The Australian Education Reporter - - FRONT PAGE - EMMA DAVIES


LATE last year, a sur­vey of 380 Aus­tralian teach­ers by Aus­tralian Scholarships Group and the Aus­tralian Col­lege of Ed­u­ca­tors dis­cov­ered 48 per cent were stressed in their cur­rent role, and al­most a fifth were con­sid­er­ing leav­ing the pro­fes­sion.

Aus­tralian Bureau of Statis­tics data shows that more than half of peo­ple who have a teach­ing de­gree do not work in ed­u­ca­tion.

And while es­ti­mates of teacher at­tri­tion vary widely from State to State, about 40 per cent of new teach­ers quit within their first five years; cit­ing burn out, lack of sup­port, and frus­tra­tion.

It’s clear that teach­ers are suf­fer­ing from high lev­els of work­place stress lead­ing to poor phys­i­cal and men­tal health.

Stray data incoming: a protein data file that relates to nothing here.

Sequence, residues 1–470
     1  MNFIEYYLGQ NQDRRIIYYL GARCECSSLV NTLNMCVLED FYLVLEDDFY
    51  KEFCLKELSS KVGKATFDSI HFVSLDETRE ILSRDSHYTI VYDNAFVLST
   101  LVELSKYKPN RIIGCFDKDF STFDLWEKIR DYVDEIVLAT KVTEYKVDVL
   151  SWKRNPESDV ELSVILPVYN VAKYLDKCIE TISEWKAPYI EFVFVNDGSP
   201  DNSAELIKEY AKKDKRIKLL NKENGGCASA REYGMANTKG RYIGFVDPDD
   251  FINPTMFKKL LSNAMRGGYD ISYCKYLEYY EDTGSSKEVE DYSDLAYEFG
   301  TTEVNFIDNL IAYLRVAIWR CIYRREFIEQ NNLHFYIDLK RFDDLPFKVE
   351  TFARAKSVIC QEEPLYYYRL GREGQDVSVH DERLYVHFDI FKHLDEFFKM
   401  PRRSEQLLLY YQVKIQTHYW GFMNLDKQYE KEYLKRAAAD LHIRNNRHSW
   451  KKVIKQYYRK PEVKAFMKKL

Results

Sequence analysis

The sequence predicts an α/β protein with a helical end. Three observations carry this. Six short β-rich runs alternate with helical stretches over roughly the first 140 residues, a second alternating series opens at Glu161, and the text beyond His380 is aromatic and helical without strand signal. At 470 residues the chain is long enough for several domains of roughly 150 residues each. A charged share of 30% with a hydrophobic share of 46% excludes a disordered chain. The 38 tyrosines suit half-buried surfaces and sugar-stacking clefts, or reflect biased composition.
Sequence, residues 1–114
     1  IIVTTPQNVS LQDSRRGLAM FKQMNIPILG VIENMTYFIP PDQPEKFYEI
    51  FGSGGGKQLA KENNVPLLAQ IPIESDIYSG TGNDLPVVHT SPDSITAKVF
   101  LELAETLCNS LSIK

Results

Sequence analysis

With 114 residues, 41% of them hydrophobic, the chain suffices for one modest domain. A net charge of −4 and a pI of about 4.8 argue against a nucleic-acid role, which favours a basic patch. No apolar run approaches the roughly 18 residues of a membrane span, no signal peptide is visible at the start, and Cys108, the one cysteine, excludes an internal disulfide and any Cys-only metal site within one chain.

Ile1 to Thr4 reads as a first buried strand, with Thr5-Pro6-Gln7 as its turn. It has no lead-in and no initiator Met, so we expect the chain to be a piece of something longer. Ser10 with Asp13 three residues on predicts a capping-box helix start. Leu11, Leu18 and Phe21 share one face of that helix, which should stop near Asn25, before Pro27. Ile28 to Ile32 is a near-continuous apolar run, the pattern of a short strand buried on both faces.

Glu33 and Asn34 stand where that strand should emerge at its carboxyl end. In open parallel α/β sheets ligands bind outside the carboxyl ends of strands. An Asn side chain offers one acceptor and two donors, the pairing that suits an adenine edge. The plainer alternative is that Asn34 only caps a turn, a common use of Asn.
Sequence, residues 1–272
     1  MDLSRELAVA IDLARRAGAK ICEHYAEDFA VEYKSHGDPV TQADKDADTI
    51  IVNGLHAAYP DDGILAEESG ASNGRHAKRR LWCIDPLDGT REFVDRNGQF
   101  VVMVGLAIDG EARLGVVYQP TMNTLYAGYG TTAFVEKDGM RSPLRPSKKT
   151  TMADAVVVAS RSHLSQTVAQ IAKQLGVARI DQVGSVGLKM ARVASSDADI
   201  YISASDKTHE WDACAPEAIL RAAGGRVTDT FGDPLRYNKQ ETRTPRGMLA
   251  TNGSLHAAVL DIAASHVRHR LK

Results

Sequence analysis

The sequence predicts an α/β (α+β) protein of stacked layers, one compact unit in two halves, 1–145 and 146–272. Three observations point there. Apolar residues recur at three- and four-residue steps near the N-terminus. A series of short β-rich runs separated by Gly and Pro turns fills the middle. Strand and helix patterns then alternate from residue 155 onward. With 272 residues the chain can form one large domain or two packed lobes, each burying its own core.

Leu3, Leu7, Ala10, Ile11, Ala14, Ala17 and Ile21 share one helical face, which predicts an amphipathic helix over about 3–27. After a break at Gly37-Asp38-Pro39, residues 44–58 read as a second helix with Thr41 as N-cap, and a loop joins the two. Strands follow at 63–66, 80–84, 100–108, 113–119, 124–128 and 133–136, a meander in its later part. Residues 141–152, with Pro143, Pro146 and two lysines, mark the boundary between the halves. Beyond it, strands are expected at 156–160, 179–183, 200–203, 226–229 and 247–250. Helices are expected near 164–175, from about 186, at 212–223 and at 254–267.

With this in mind, The Aus­tralian Ed­u­ca­tion Reporter con­ducted our own sur­vey of read­ers which in­cluded tac­tics, tips and tricks teach­ers can use to im­prove their health and well­be­ing.

We re­ceived re­sponses from more than 350 teach­ers, heads of depart­ment and prin­ci­pals from the pub­lic and pri­vate sec­tor, and both pri­mary and sec­ondary schools across the coun­try.

Al­most 60 per cent of re­spon­dents rated their well­be­ing at work as a very av­er­age 3 out of 5.

Al­most 80 per cent cited high work­load as the main is­sue neg­a­tively im­pact­ing their well-be­ing at work, with long work­ing hours, high self-ex­pec­ta­tions, poor stu­dent en­gage­ment and a lack of ad­e­quate re­sources, fol­low­ing close be­hind.

When asked what kind of sup­port would most im­prove their well­be­ing at work, re­duced work­load came out on top, fol­lowed by a more pos­i­tive school cul­ture, bet­ter ac­cess to re­sources and more co-worker col­lab­o­ra­tion.

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